I've heard of tools that could be used to graph entropy of a file. Is there a graphical Linux program that I could use for this job that would let me conveniently explore which blocks of a file have certain entropy patterns that could suggest compressed or encrypted data?

  • What do you mean by 'entropy'? Have you heard of REMnux? It's a Linux distro tailored for Malware analysis. It allows you to look at how files are made up, but I'm not sure if that's exactly what you're after? zeltser.com/remnux
    – TimC
    Commented Jul 23, 2014 at 9:18

1 Answer 1


There is no such thing as "entropy" of a file. The entropy is a characteristic of a process -- for instance, of a process that generates a file. The entropy does not describe what the file contents are; it describes what the file contents could have been. As such, any tool which purports to identify "entropy patterns" is, at best, loosing extremely poor terminology.

That being said, one can still do some heuristics. It so happens that most "real-life data" exhibits a lot of redundancy in its structure; this is what data compression is about. So you may work on the following assumption: data which can be compressed by a non-trivial amount is not data which has already been compressed or encrypted. Indeed:

  • Compression algorithms strive at identifying and removing redundancies. The result should not be susceptible to further compression; otherwise, this means that the compression algorithm does a poor job.

  • Encrypted data is supposed to be indistinguishable from randomness (if the encryption algorithm is any good); thus, it has extremely low probability of being compressible.

So you could extract chunks from your file, and compress them (e.g. with gzip), to see if they can be substantially reduced. For instance, this command extracts a 2000-byte chunk from file data.bin (at offset 15000), compresses it, and reports the resulting length:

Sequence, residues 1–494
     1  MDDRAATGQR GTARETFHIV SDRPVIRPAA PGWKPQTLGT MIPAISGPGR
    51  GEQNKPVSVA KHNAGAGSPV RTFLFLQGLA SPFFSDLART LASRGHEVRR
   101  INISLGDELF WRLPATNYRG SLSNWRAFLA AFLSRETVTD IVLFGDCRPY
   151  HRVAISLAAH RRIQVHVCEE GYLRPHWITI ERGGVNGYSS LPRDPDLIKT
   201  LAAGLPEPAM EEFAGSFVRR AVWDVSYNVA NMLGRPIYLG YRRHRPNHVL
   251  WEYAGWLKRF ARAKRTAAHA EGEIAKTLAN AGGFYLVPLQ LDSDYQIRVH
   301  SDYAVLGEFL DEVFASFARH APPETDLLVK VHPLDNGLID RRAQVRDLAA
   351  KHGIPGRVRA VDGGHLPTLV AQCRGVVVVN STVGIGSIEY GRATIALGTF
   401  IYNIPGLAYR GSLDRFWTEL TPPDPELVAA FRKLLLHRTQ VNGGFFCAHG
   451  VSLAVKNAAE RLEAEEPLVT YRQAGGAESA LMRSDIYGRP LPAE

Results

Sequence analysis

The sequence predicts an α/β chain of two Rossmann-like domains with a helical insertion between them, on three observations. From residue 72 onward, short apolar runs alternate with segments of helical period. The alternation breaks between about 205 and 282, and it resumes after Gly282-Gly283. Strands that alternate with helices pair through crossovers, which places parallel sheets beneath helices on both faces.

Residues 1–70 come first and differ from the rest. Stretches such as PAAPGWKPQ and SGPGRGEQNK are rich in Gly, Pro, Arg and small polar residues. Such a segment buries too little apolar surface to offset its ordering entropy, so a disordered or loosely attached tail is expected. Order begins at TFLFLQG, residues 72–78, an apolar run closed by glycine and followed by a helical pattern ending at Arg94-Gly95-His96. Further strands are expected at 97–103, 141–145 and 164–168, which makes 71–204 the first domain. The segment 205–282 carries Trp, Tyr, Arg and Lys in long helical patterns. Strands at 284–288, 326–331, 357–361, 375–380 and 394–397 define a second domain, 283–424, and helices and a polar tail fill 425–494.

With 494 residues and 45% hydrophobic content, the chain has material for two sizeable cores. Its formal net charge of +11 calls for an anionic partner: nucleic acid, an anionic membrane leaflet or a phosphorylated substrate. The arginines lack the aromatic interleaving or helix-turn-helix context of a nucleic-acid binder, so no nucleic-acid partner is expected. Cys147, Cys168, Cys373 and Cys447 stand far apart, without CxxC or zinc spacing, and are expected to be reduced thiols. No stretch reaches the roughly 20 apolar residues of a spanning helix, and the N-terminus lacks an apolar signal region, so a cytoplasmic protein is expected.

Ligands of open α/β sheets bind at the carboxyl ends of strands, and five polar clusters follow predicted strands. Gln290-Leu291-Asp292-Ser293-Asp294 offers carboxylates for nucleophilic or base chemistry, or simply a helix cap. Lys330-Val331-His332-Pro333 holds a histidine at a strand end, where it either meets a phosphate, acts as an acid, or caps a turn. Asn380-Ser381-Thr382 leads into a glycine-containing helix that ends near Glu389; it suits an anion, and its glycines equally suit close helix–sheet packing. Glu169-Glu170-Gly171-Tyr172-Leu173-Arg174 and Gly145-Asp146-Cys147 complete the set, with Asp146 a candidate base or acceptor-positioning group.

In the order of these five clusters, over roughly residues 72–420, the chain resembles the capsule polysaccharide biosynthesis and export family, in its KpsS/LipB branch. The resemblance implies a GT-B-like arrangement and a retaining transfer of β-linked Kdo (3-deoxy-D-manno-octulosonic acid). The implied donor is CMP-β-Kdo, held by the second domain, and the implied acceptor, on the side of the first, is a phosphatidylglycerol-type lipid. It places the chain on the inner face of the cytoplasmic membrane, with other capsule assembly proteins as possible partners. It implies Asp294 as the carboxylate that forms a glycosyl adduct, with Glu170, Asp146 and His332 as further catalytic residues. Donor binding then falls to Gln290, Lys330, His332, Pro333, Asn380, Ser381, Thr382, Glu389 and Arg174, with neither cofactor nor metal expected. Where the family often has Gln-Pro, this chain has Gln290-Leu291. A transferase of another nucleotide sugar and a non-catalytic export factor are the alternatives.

dd if=data.bin bs=1 skip=15000 count=2000 2>/dev/null | gzip | wc -c

If the resulting value is substantially smaller than 2000, then the chunk, most probably, contains data which is not encrypted or already compressed. For instance, if I use as data file the /usr/bin/gcc-4.8 file (an executable full of code, but not compressed) from my Linux laptop, I get an output length of 1491 bytes for that chunk, which is indeed quite smaller than 2000. If I try on /dev/urandom, I get 2023 bytes.

(These figures get printed on my screen as sequences of characters, that I process with my eyes and brain. This, in my view, qualifies as "graphical".)

Running the command in a loop which extracts various file chunks and compresses them all is left as an exercise to the reader (it is not hard, and if you cannot do that, then chances are that you won't be able to do much with the files anyway; practical data processing requires some programming skills).

Caveat: gzip, like most general-purpose compressors, works on a per-byte basis, and tries to find repeated patterns and biases in usage of byte values. This is known to work poorly on analog data which has been digitized, e.g. audio samples. Compression ratio offered by gzip on WAV files is thus often poor, while the WAV file is still "not compressed" (this page claims to have measured a compressed length of about 92% of the original, though it will depend on the WAV file characteristics).

So don't imagine that the "compress by gzip" test is the ultimate detection method for compressed/encrypted data. Still, that can give good results, provided that the compressed/encrypted chunks you are trying to locate are long enough (you won't find 50-byte chunks that way).

  • I didn't mention that I consider compressing with gzip as a good way to detect if the file is already compressed. Still, thanks for the writeup, though it doesn't really answer my question.
    – d33tah
    Commented Jul 23, 2014 at 13:10

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